Big data exploration and analytics for CIOs: Oh, the places you'll go
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When a vehicle's check engine light is illuminated, it has the power to send most drivers into a panic: What's the problem? Does it need to be fixed immediately? Or is the car safe to drive for another hundred miles or so?
If you're driving a vehicle from Daimler Trucks North America LLC, which makes commercial trucks and buses for freight and commercial transport, that panic level is alleviated with technology. The Portland, Oregon, manufacturer is leveraging sensor data to dispel the mystery -- and potential misery -- of maintenance issues. Every truck sold in the last two years was outfitted with sensors and linked to Daimler's Internet of Things. Those sensors connect fleet owners and their trucks to a Daimler call center and, if need be, a service station.
"This is priceless when you look at the customer," touted Dieter Haban, Daimler's CIO, during a panel discussion at the MIT Sloan CIO Symposium. "The next step would be predictive. So I can predict something happening before the yellow [check engine] light comes on."
Senior News Writer Nicole Laskowski chatted with Haban before his panel discussion at symposium, where he was honored as one of five finalists for the 2014 MIT Sloan CIO Leadership Award. There, they had a chance to talk about Daimler's Internet of Things and the power of sensor data.
How does Daimler talk about big data?
Dieter Haban: First of all, you have lots of data. You collect data, and people who are busy analyzing the data are collecting the data [so] it takes a long time to do it. Now, with the big data, it's vast volumes of data, and suddenly you can make decisions faster because the data collection process is now much shorter.
Before that, it maybe took weeks or sometimes months [to get] a limited set of data. Suddenly we have, let's say, we threw all the information we had -- all the trucks, all the cost information, all the material consummation, everything -- and suddenly you have a big cube of dimensions and data. We could get information much faster -- not in real-time, but in a very short time from like 20 minutes or an hour -- that we couldn't do before. Then, you can focus on asking questions, [like] 'What does it mean, though?' You can analyze that.
You're participating on an Internet of Things panel at the symposium. Is the Internet of Things synonymous with big data at Daimler?
Haban: They are related but they are two separate things, because individual things can generate large data, big data. So, let's take another example. What we did is we connected our trucks with our Internet. That means every truck is equipped with sensors. If you drive a truck, a fault occurs, and something's blinking, and you say, 'Oops, there's something blinking -- a yellow light,' what are you going to do?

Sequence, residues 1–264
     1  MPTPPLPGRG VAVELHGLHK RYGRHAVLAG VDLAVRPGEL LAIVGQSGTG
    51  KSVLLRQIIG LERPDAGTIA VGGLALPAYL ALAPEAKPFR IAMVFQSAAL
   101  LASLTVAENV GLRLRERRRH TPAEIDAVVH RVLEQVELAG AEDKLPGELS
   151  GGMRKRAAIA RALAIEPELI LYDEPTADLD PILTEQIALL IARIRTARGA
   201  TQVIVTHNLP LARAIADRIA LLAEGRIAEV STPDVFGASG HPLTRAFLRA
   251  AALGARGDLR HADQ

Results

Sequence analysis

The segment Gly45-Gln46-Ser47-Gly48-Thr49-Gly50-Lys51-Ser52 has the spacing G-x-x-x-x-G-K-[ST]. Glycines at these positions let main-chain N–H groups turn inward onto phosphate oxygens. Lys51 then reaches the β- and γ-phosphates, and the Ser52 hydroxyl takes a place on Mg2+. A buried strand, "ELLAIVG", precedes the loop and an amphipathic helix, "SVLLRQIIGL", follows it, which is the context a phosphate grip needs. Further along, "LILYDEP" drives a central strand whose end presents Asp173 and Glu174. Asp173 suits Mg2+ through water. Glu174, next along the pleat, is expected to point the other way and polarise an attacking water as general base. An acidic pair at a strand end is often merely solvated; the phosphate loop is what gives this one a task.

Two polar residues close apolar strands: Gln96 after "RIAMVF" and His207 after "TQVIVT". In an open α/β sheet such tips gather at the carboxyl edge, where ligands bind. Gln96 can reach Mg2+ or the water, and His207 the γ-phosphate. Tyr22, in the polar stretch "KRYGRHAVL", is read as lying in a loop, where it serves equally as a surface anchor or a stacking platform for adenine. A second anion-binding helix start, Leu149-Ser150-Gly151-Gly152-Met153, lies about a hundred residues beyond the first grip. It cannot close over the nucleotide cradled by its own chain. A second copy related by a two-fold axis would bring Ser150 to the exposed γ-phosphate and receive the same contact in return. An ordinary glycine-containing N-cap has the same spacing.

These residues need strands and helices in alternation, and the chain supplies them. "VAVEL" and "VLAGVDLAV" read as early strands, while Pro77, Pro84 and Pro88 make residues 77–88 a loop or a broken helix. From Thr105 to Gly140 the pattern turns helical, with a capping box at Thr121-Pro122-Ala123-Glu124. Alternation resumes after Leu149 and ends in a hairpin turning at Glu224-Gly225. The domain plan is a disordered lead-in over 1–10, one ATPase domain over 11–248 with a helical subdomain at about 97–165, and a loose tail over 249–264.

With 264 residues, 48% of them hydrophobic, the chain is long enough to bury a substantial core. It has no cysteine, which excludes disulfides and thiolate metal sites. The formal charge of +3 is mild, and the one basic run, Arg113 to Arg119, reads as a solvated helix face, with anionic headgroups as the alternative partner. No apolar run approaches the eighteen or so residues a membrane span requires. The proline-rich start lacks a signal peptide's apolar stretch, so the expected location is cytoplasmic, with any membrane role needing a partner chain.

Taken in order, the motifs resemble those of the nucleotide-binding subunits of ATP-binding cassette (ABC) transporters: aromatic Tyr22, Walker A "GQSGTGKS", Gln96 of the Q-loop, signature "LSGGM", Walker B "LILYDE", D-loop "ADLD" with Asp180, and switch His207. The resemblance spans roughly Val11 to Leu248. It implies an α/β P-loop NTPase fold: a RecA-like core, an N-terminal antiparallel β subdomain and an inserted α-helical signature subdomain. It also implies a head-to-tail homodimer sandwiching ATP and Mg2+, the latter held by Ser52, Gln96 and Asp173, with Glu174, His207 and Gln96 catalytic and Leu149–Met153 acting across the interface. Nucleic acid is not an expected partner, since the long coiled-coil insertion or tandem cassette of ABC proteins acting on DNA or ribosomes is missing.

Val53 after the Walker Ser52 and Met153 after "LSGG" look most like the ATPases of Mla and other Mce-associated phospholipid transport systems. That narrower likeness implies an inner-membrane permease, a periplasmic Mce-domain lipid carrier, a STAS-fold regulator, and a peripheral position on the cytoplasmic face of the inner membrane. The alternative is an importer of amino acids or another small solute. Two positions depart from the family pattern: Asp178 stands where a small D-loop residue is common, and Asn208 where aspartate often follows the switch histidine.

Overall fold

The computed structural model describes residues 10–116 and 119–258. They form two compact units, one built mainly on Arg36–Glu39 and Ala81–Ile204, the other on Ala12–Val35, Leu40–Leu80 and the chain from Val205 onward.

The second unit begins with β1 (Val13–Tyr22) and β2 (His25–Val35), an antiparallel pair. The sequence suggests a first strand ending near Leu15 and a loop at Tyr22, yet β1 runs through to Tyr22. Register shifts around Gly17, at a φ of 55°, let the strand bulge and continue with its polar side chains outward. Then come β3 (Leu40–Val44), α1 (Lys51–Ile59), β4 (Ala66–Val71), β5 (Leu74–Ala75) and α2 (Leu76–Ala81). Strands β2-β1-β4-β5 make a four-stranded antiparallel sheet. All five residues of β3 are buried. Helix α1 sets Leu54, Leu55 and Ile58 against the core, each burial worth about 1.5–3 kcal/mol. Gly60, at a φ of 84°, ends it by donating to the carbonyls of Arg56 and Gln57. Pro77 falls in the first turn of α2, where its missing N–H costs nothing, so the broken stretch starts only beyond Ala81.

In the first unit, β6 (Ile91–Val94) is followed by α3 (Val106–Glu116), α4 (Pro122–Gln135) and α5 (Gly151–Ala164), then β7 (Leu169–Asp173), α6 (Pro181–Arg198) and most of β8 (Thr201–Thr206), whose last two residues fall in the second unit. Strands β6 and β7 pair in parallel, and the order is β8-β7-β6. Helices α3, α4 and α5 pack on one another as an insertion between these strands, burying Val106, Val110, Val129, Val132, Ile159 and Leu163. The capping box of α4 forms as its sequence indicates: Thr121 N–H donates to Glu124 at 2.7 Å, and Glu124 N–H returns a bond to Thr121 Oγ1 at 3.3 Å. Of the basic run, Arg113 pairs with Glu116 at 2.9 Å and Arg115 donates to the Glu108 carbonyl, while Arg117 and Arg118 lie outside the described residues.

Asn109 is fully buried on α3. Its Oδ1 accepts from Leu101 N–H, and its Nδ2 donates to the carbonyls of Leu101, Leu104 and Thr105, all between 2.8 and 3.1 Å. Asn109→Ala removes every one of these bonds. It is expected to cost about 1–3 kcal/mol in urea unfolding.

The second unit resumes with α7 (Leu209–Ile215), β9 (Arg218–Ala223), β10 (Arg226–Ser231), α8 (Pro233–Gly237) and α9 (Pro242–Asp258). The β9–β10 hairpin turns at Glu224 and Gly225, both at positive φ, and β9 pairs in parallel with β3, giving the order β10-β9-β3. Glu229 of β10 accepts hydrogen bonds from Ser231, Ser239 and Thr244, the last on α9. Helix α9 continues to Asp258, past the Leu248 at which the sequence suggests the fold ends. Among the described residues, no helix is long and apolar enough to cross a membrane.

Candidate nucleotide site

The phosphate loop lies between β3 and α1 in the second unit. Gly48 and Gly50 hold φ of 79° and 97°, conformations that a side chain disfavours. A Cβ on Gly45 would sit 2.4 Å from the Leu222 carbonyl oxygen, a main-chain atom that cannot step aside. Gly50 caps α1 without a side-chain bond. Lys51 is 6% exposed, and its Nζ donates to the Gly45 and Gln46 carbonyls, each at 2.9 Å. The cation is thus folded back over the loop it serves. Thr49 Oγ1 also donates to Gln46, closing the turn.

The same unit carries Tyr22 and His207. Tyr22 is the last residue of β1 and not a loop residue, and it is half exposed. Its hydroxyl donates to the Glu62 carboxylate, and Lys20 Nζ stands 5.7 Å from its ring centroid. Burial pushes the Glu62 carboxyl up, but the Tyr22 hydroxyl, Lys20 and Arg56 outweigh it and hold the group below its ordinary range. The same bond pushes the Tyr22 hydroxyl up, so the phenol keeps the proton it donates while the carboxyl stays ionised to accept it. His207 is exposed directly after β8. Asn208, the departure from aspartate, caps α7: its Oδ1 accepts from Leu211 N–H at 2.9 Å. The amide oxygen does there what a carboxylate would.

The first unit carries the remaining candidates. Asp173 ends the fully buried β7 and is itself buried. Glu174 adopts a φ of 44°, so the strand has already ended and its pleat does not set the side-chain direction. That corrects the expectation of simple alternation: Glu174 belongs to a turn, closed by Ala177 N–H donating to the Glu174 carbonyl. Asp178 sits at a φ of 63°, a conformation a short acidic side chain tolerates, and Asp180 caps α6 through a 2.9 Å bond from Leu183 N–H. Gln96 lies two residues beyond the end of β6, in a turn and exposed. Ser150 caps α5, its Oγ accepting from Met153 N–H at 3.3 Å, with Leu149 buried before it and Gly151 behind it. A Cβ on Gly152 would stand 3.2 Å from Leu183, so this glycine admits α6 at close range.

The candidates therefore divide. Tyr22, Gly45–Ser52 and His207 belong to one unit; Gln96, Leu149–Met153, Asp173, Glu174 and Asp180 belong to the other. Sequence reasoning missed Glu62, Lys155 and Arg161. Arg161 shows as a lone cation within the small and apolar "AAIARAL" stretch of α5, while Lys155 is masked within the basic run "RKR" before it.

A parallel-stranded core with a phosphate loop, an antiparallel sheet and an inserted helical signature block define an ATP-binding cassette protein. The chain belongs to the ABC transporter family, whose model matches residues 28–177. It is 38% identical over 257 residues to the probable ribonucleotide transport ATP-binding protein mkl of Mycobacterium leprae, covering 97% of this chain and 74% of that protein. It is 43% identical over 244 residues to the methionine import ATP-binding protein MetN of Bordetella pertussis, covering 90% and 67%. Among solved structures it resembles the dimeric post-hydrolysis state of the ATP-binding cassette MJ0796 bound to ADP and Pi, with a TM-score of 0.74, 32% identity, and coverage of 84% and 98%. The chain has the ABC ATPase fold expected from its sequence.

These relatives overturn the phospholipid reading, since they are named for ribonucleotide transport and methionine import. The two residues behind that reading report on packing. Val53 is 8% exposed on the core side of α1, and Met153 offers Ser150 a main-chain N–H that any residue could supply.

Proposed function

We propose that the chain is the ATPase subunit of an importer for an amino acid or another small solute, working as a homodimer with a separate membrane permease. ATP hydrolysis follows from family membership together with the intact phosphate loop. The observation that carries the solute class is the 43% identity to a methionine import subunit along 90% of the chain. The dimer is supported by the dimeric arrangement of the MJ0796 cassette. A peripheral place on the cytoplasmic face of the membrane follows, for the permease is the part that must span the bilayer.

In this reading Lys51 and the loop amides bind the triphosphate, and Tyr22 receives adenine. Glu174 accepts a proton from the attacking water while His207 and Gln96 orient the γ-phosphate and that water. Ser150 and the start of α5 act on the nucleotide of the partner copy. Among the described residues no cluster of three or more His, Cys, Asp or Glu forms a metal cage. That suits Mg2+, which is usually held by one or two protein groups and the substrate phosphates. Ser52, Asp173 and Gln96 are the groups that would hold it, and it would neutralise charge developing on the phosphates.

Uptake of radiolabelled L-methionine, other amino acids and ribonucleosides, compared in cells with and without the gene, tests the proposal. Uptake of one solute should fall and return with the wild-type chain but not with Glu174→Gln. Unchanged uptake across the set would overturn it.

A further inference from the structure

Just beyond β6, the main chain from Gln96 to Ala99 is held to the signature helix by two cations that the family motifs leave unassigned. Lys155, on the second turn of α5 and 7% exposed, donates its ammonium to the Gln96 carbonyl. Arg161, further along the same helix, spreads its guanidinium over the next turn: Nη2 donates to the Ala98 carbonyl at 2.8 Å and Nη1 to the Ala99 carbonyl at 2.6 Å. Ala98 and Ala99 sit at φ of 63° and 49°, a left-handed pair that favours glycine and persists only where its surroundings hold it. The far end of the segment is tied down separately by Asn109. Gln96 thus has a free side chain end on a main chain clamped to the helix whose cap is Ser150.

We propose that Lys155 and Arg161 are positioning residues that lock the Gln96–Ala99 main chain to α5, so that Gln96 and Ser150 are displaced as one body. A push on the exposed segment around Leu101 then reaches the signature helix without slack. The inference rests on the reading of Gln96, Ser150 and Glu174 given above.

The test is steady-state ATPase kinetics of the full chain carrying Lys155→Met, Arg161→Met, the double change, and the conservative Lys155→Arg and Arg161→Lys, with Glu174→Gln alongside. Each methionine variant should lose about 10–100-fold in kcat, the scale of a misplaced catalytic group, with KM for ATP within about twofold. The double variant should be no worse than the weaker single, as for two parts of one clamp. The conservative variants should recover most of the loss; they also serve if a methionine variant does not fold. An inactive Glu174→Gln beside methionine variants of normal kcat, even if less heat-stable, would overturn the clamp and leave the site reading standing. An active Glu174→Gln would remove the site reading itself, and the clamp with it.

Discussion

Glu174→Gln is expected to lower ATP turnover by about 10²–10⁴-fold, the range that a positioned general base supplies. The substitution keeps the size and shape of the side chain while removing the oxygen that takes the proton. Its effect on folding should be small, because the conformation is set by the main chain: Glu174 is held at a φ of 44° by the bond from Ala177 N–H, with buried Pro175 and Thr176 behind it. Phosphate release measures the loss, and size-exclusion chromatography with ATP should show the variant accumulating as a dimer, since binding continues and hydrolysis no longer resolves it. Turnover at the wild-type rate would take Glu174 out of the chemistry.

What we do is we send the information to our call center. So, we send some information that happens before the error and after the error, and then we analyze this huge amount of data. You can imagine that if every truck is equipped with that information, there's a lot of data coming into our call center. They analyze it and they know exactly where the truck is, who's running it [and] who the customer is.
We have lots of sensor information that we can use and analyze and say, the issue is maybe here. So we then inform the fleet owner and they inform the driver directly to say, 'Hey, there's an issue. You can continue because we have you covered here, but you should in the next two weeks, go to the plant service.' Or, we tell him, 'Oops, there's an issue. In that area, this is the dealer.' And we connect him to the dealer.
The truck drives onto the lot and automatically they know, 'Oh that's the guy.' So, if you come to a dealer, they [traditionally] say, 'Who are you, what do you want?' In this case, we know who you are, we know your problem, and here's the part and get you out in the short time frame. Very short time frame, because he wants to be on the road.
We connect all the dots: we connect the truck, we connect the call center, we connect the dealer, we connect the truck driver, we connect the parts information, and we connect the warranty system in order to have a happy customer.
For Daimler, was adding sensors to vehicles an IT-inspired project or a business-inspired project?
Haban: It's always the business together with IT. Sometimes the business has an idea, or sometimes we see something, but it's always a partnership between the business and IT.
The project had to mean a sizable investment. It wasn't hard getting business buy-in?
Haban: Once you are driving in the middle of nowhere and there's a yellow light [flashing], you're happy that somebody's there to help you. Because [now] it's like driving with a bunch of technicians in your backseat [who] say, 'Hey, this is what's happening: You can continue driving or this is what you should do.'
Nicole Laskowski asks:
Do you foresee sensors transforming your business?
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